SafeBreach researchers have identified a method that allows criminals to steal sensitive info without being caught
SafeBreach, which develops a platform that enables its customers to improve readiness for attacks through simulations, has identified a unique method that allows online criminals to commit the perfect crime without the chance of being caught and gaining maximum profit.
The company’s researchers have found a method to collect vast amounts of stolen user credentials by executing searches on VirusTotal, the online service used to analyze suspicious files and URLs.
With a €600 VirusTotal license and a few tools, the research team managed to collect more than a million credentials. The goal was to identify the data a criminal could gather with a license for VirusTotal, which is owned by Google and provides a free service that can be used to upload and check suspicious files and links using several antivirus engines.
A licensed user on VirusTotal can query the service's dataset with a combination of queries for file type, file name, submitted data, country, and file content, among others. The SafeBreach team created the idea of "VirusTotal hacking" based on the method of "Google hacking," which criminals use to look for vulnerable websites, Internet of Things devices, Web shells, and sensitive data leaks.
At least one million files identified as malware
The researchers used known malware including RedLine Stealer, Azorult, Raccoon Stealer, and Hawkeye as well as known forums such as DrDark and Snatch_Cloud to steal sensitive data. They found their method works at scale.
RedLine Stealer is a form of malware sold on underground forums via a stand-alone purchase or subscription. It uses browsers to collect data such as saved credentials, autocomplete data, and credit card details.
When it runs on a target machine, the malware takes a system inventory that includes information such as username, location data, hardware configuration, and the details of security software.
RedLine Stealer can upload and download files and execute commands.
To start, the researchers used VirusTotal Query to search for binaries identified by at least one antivirus engine as RedLine — which returned 800 results. They also searched for files named DomainDetects.txt, which is one of the file names the malware exfiltrates. This returned hundreds of exfiltrated files.
They then turned to VirusTotal Graph, which allows licensed VirusTotal users to visually explore the dataset. There, the researchers found a file from their search results was also included in a RAR file containing exfiltrated data belonging to 500 victims — including 22,715 passwords to many different websites. Additional results included even larger files, containing more passwords. Some were for government-related URLs, the researchers noted.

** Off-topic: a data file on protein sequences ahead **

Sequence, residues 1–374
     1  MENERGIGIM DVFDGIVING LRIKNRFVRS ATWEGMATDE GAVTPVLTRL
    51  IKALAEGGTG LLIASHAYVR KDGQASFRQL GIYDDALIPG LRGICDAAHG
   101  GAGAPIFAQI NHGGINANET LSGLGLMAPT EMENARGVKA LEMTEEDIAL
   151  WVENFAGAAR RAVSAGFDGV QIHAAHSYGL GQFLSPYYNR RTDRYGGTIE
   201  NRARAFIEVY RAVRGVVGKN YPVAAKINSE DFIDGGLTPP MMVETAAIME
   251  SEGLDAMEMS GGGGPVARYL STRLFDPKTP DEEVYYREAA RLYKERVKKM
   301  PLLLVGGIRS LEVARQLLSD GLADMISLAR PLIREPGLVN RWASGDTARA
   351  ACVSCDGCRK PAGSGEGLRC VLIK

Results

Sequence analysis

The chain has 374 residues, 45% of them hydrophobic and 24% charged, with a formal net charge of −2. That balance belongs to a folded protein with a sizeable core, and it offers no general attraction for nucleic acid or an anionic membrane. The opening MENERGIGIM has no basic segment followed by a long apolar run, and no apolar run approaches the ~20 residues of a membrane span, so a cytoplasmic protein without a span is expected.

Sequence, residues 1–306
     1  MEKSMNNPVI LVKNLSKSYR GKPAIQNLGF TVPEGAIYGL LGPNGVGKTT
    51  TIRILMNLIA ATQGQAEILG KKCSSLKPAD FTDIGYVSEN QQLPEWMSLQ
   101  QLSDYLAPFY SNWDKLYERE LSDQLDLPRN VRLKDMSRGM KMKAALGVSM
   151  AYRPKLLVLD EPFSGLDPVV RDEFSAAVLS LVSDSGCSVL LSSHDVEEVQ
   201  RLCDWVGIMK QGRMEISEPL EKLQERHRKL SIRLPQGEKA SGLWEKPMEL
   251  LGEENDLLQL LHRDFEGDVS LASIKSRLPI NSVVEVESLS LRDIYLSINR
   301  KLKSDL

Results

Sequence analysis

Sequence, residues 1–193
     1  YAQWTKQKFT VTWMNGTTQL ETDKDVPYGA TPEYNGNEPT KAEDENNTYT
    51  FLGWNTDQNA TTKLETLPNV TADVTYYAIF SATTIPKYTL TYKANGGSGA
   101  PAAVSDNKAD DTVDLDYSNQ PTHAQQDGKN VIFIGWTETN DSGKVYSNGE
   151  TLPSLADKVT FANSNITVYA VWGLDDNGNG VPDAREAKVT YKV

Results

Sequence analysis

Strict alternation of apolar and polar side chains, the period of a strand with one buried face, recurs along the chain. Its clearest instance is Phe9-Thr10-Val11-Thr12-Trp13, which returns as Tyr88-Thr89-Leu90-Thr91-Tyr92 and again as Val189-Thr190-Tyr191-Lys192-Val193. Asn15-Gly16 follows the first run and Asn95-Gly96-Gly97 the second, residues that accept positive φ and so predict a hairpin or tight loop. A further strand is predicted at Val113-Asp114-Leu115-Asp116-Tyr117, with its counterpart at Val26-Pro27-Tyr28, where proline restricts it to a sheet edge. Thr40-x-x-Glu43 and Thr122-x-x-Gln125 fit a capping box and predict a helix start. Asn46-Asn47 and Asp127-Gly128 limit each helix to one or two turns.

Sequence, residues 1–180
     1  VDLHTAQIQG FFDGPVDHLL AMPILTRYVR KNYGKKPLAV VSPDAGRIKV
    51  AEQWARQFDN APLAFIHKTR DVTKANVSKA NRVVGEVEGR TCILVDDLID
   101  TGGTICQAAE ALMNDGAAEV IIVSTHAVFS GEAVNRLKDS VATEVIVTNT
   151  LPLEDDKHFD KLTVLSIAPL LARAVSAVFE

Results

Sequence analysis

From a test that the company did, it can be seen that about 2.2 million files are uploaded to the VirusTotal service, of which at least one million files are identified by one antivirus as a malware file. It is estimated that the average file size is about 90 terabytes, accessible to those who pay for the minimum subscription, and even more so for those who pay for a premium service.
The researchers also found that the hackers who carry out the actual attacks use virustotal as a platform to post stolen information as a teaser in order to persuade criminals to come to their forum and acquire all the stolen information. The published information contains thousands of passwords of attackers in each publication.
The SafeBreach team improved its queries as it explored VirusTotal. For example, they found some attackers compress victims' data in a large archive file. VirusTotal provides a way to search for archive files containing fixed hard-coded file names, so when they found a single file, they also found stolen data belonging to hundreds of victims.
The company reached out to Google with their findings and requested the files containing personal data from VirusTotal. They also advised periodically searching for, and removing, files with sensitive user data and banning API keys that upload those files.
SafeBreach also advised Google to add an algorithm that disallows uploading of files with sensitive data that contains plaintext, or encrypted files with the decryption password attached, in text or an image.
"It is quite a straightforward technique, which doesn't require strong understanding in malware. All you need is to choose one of the most common info stealers and read about it online,” said Tomer Bar, director of security research at SafeBreach: A criminal who uses this method can gather an almost unlimited number of credentials and other user-sensitive data with very little effort in a short period of time using an infection-free approach.
“We called it the perfect cyber-crime, not just due to the fact that there is no risk and the effort is very low, but also due to the inability of victims to protect themselves from this type of activity. Once victims have been hacked by the original hacker, most have little visibility into the sensitive information uploaded and stored on VirusTotal and other forums. The reduction should be done mainly by the suppliers of such reservoirs."